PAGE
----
Home Assistant: Frigate VM on Proxmox with PCIe Coral TPU

A very popular NVR solution that integrates well with Home Assistant is Frigate. It provides fantastic object and person detection from your camera streams. The Frigate project is a Docker container, so it’s easy to deploy. You can run Frigate within Home Assistant, but I prefer to run it in a separate dedicated VM on Proxmox. This blog post will walk you through building a Ubuntu VM on Proxmox dedicated to Frigate and optionally use a Google Coral PCIe TPU for object detection. 

In order to boost the performance of Frigate I purchased an A+E Key m.2 PCIe Google Coral TPU. I pulled the m.2 WiFi card from my Beelink SEi12 Pro and replaced it with the Coral TPU. The m.2 Coral TPU is preferred to the USB version for a couple of reasons. First, PCIe passthrough can be more stable than trying to pass through a USB device. Second, the PCIe version has built-in thermal throttling which the USB version omits. Performance wise, USB and m.2 seem very similar from numbers I’ve seen.

It is possible to also use your GPU with Frigate to help offload some ffmpeg CPU load. However, in my testing with a single camera the CPU load was unchanged on my 12th Gen CPU when adding ffmpeg GPU offload. My VM has 1 vCPU and at the Proxmox level it uses about 15% CPU utilization with one camera detection stream at 1280×720. Per Frigate System page the ffmpeg process is only using 3% of the VM’s CPU. 

In addition, doing GPU passthrough and trying to get the very latest Intel drivers on Ubuntu to work is exceptionally challenging and seems very brittle even if you can get it to work. So for the purpose of this series, I won’t touch GPU passthrough. 

This blog post will be using the following stack:

  • Frigate 0.12.0
  • Ubuntu 22.04
  • Proxmox 7.4 with 6.2 Kernel
  • Google Coral m.2 PCIe TPU
  • EmpireTech 4MP IP PoE Camera
  • Intel 12th Generation i5-1240P CPU

This post is not a Frigate camera configuration tutorial. The camera configuration within Frigate is very environment specific, and Frigate has a ton of configuration options. At the time of this post I am using the latest Frigate version (0.12.0) which can leverage built-in go2rtc, which I use in my example. So if you look at Frigate config tutorials on other sites, make sure it’s for 0.12 (or later) and uses go2rtc. 

Tutorial Sections

This tutorial is pretty long as it covers a lot of ground:

  • Promox Host PCIe Passthrough
  • Deploy Ubuntu 22.04 VM for Frigate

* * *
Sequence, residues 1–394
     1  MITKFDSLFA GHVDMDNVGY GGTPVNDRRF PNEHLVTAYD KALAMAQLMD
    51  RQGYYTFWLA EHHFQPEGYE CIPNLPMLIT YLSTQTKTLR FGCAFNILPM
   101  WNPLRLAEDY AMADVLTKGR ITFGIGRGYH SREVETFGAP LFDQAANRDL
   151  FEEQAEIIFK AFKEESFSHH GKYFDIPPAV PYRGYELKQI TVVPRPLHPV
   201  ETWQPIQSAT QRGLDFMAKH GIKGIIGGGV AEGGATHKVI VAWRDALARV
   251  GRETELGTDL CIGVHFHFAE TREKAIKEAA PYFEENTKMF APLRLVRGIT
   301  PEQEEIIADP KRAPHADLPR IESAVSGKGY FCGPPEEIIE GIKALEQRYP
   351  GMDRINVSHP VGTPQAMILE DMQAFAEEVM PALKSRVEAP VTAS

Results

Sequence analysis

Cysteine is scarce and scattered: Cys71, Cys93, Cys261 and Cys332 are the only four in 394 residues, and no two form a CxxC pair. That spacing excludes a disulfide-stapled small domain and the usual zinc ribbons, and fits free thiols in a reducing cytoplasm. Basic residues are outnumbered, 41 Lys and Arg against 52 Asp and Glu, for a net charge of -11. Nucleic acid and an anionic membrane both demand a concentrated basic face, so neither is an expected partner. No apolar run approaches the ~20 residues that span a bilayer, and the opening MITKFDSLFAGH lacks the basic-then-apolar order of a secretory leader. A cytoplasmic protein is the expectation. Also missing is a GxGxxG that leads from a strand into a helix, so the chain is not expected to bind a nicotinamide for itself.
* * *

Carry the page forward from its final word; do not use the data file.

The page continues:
• Mount Second Drive for Media (Optional)
  • Install Docker and QUMU Agent
  • Coral PCIe TPU Passthrough (Optional)
  • Home Assistant MQTT Setup
  • Home Assistant Frigate Integration Install
  • Camera Configuration (IPC-T5442T-ZE)
  • Frigate Configuration File
  • Frigate Docker Compose
  • Verify Frigate Functionality
  • Home Assistant Frigate Integration

Proxmox Host PCIe Passthrough

First we need to modify the configuration of the Proxmox host where the Frigate VM will be running. Login to Proxmox and open a shell. 

1. Modify the GRUB configuration by running the following command:

					nano /etc/default/grub

2. Comment out the existing GRUB_CMDLINE_LINUX_DEFAULT and paste the following line under the commented out line. Save and exit Nano.

					GRUB_CMDLINE_LINUX_DEFAULT="quiet intel_iommu=on iommu=pt pcie_aspm=off initcall_blacklist=sysfb_init"

3. Run the following command to update GRUB.


4. Let’s modify the kernel modules file.

					nano /etc/modules

5. Add the following lines to the file, then save and exit nano.



6. Run the following command to update the Kernel.

					update-initramfs -u -k all

7. Now we need to blacklist the Coral devices so the Proxmox host won’t load the drivers:

					nano /etc/modprobe.d/blacklist-apex.conf

8. Add the following lines to the blacklist file:

					blacklist gasket
blacklist apex
options vfio-pci ids=1ac1:089a

9. Save and exit nano, then run the following command:

					update-initramfs -u -k all

10. Reboot the Proxmox host. After it reboots open a shell again and run the following command. It should NOT print anything. 

					lsmod | grep apex

Deploy Ubuntu 22.04 VM for Frigate

1. Login to your Proxmox server. Create a new VM with the following General settings. Use any Name you wish. Check the Start at Boot box. 

2. Download the Ubuntu 22.04 ISO. Upload it to a Proxmox datastore.  On the OS page mount your Ubuntu 22.04 ISO. 

3. On the System page configure:

  • Graphic Card: Standard VGA
  • EFI Storage: <pick your storage>
  • Qemu Agent: Check
  • Pre-Enroll keys: UNCHECK (SUPER CRITICAL)

4. On Disks configure the following:

  • Disk size: 16GB (or more if you wish)
  • SSD emulation: Check
  • Cache: Write through
  • Discard: Check
  • IO thread: Check

Note: If you have separate NVR storage add that virtual disk now. I highly recommend a spinning disk that’s designed for video surveillance like Seagate SkyHawk. 2.5″ SkyHawk drives are no longer made (just 3.5″), but Ebay may have factory sealed 2TB 2.5″ SkyHawk drives. I added a 1.7TB virtual drive. 

5. On the CPU page configure:

  • Cores: 1
  • Type: host

6. On the Memory page configure:

  • Memory: 2048
  • Ballooning Device: un-check

7. On the Network page configure as needed (usually defaults are OK).

8. Check the summary page and tick the box to Start after created.

					agent 1
balloon 0
bios ovmf
cores 1
cpu host
efidisk0 local-lvm:1,efitype=4m